Are you still clinging to the old fashioned resume rules? Read on as I rewrite the olden days rules to fit this modern world of job hunting!
I remember when I first learned to write a resume there were a few "rules" I was taught that I must adhere to in order to secure that interview - but I can tell you after screening tens of thousands of resumes over the past 15 years that many of those "rules" are completely false. And the worst thing is that I still see them recommended all the time now. I want to use the experience I’ve gained plus the knowledge gained from industry professionals to reframe these old fashioned rules to fit into our modern day.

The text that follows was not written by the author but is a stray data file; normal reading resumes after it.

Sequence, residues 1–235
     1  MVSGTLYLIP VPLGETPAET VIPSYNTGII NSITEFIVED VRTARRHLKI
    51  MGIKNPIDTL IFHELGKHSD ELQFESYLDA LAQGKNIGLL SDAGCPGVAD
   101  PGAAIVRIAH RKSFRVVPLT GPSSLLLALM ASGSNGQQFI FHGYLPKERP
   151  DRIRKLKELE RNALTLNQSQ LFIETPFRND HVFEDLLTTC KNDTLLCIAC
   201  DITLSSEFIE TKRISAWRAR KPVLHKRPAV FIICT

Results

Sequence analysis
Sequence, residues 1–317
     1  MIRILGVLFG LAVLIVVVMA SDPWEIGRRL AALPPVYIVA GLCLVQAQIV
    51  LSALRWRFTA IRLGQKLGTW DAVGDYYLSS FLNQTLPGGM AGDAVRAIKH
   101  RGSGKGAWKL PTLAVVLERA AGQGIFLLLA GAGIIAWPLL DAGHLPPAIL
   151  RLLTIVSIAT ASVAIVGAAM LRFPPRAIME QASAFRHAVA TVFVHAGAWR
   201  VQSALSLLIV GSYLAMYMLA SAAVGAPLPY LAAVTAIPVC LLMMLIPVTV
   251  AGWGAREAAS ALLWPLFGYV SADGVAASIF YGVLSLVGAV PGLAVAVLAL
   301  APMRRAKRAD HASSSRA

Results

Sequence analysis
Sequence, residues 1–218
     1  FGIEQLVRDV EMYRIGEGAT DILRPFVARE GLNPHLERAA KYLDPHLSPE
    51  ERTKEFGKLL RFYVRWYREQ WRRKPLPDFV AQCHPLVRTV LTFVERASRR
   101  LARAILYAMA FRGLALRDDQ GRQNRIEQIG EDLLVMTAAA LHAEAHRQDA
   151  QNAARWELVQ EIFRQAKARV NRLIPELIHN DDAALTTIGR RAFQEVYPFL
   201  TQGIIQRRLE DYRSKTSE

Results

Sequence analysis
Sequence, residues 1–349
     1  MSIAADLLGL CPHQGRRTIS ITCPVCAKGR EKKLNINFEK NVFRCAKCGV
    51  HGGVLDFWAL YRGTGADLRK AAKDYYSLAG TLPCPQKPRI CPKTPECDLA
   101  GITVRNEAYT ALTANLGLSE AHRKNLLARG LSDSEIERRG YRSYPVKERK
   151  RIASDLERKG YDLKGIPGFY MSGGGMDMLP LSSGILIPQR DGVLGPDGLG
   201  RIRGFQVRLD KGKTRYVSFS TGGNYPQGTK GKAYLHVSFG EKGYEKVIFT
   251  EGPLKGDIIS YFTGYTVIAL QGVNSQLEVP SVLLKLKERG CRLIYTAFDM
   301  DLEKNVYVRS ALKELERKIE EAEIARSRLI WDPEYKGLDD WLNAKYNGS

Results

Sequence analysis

Each year brings new updates and changes, so I'm revisiting this article to add some 2019 updates!
1. Resume Length
The standard for so long now is 1-2 pages, but that standard was created back in the day when a recruiter or hiring manager had to go through paper resumes. But now? Most resumes are only looked at online so scrolling through the pages is nothing. That's not to say you should submit a 10 page resume if you are a new grad! But it does give you a little more flexibility. I think of it in terms of level of career. If you are new to your career then stick to that 1-2 pages, if you are experienced you can go up to 2-3 pages, and if you are an executive or seasoned professional than 3-5 pages is completely acceptable and in fact would be preferred.
The key here is to make sure the resume gives a good picture of who you are and how you match the job requirements - you don’t want it to be too short (or too long) where that message is lost.
2019 Update: according to a large Randstad recruiter survey, 71% of recruiters want to see a resume that reflects the person's career.